Marblehead author David Kherdian just released his latest memoir, “Factory Town: A 20th Century Memoir.” Kherdian includes 50 “chapters” of the places, people, artifacts, and events, as experienced by the people of Racine, Wis. during the long middle years of the last century, in a luminous way that will provide an awakening for all who were there, and not just the people of Racine, but all Americans, especially those in America’s rust belt.

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The Road from Home: The Story of an Armenian Girl by David Kherdian 1980 Awardee

Rights Report: Week of July 17, 2017

Sara Goodman at Wednesday Books has acquired world rights to a collection of essays titled How I Resist: Activism and Hope for the Next Generation, edited by Maureen Johnson and Tim Federle, who will also contribute. Additional contributors include authors Jacqueline Woodson, Malinda Lo, Sabaa Tahir, Jason Reynolds, Libba Bray, Jesse Tyler Ferguson, Joss Whedon, and many more. Publication is slated for spring/summer 2018; Kate Testerman at KT Literary represented Johnson, and Brenda Bowen at Sanford J. Greenburger Associates represented Federle. The editors and contributors have pledged the full advance of $50,000 to the ACLU.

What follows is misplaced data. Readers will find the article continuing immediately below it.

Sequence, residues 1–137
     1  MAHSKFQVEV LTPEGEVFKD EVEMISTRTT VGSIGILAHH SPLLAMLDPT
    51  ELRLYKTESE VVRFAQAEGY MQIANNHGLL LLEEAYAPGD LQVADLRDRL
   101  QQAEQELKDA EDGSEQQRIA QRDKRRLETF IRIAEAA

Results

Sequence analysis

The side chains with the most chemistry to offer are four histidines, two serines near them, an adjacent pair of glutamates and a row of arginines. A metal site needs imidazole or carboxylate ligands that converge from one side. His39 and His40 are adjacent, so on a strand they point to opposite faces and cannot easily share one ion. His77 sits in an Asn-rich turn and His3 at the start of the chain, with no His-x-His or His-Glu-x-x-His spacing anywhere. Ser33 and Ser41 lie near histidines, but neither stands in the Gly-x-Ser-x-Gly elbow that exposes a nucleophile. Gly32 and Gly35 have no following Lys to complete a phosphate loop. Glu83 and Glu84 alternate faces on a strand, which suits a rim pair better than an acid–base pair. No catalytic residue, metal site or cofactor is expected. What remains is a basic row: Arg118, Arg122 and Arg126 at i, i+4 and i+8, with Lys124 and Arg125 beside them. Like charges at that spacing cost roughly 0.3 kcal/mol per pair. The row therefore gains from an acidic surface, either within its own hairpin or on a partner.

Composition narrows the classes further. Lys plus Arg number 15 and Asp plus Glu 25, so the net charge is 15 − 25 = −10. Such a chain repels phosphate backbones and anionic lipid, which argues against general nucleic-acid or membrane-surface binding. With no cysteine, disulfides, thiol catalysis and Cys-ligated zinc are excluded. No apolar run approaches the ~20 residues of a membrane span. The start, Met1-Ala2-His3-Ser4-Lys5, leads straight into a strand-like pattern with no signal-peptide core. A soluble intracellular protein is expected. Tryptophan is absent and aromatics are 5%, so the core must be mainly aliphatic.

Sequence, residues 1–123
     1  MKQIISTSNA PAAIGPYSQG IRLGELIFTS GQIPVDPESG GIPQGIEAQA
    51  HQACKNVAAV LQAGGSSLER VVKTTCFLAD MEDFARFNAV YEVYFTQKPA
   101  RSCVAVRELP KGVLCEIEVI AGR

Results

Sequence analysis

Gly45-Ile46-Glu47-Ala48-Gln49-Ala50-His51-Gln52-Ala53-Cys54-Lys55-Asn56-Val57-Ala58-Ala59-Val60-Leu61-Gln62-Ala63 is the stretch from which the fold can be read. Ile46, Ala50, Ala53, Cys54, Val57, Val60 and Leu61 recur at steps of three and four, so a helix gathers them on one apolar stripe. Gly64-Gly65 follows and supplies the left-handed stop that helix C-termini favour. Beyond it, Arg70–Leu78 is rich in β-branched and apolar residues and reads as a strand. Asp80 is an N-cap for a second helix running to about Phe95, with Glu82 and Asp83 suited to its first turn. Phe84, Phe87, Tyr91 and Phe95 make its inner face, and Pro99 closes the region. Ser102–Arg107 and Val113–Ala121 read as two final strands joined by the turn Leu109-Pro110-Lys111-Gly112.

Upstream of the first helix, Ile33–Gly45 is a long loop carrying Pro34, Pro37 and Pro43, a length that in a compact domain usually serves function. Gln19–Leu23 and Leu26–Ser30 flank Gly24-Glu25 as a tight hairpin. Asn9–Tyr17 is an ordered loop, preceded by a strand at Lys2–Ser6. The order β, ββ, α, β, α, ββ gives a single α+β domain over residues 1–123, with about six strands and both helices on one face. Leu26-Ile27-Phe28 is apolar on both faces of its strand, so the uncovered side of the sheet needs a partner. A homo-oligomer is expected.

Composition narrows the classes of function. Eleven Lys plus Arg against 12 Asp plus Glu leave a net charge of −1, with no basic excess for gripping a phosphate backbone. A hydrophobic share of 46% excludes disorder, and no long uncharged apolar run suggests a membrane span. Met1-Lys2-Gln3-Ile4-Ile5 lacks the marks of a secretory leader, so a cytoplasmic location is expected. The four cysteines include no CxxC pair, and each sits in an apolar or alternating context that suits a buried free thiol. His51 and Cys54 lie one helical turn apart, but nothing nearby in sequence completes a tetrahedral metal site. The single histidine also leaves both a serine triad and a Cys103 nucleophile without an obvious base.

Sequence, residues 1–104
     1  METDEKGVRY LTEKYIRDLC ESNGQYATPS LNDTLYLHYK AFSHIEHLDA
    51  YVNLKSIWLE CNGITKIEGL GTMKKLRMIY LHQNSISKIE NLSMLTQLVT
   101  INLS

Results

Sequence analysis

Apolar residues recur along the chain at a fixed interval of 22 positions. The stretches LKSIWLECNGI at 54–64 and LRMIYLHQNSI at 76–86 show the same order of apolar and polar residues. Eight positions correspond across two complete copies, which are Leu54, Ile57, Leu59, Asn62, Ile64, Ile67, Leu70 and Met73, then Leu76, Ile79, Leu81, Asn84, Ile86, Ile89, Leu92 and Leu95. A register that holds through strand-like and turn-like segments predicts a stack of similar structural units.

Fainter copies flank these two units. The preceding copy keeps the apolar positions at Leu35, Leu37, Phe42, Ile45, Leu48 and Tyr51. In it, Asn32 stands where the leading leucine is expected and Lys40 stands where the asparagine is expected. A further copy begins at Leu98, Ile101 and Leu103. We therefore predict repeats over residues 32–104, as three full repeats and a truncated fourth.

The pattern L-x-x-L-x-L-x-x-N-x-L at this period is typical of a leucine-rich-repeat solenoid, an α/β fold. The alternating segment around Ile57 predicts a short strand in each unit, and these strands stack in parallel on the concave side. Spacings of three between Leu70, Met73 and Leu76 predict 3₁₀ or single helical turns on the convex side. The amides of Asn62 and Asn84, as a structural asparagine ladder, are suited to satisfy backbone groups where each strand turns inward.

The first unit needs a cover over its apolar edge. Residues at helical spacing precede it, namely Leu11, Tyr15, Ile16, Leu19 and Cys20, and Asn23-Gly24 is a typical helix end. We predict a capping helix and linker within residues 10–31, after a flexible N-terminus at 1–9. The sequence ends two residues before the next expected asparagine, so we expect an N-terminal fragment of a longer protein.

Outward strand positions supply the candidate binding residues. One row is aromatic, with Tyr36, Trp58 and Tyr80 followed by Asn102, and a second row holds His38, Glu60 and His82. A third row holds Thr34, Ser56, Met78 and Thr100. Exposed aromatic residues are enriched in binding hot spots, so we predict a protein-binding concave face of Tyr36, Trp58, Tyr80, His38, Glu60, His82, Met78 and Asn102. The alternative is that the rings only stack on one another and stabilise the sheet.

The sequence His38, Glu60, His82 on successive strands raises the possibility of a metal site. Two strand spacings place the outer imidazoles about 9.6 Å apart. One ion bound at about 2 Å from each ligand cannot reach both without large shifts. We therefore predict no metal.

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Each Kindness written by Jacqueline Woodson, illustrated by E.B. Lewis 2013 Awardee

From the Notebooks of Melanin Sun by Jacqueline Woodson 1996 Awardee

I Hadn’t Meant to Tell You This by Jacqueline Woodson 1995 Awardee

In Your Hands by Carole Boston Weatherford | SLJ Review

From award-winning Weatherford (Voice of Freedom; Moses), this poem from a black mother to her firstborn son will resonate as a prayer for all black boys.